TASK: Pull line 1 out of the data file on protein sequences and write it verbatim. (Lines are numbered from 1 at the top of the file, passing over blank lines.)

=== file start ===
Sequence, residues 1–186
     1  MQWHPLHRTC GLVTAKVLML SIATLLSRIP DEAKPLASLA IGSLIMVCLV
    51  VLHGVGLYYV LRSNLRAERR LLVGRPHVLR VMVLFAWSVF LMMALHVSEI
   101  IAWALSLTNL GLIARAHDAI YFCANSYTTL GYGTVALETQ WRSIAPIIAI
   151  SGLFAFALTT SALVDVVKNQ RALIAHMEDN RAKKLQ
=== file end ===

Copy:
Sequence, residues 1–186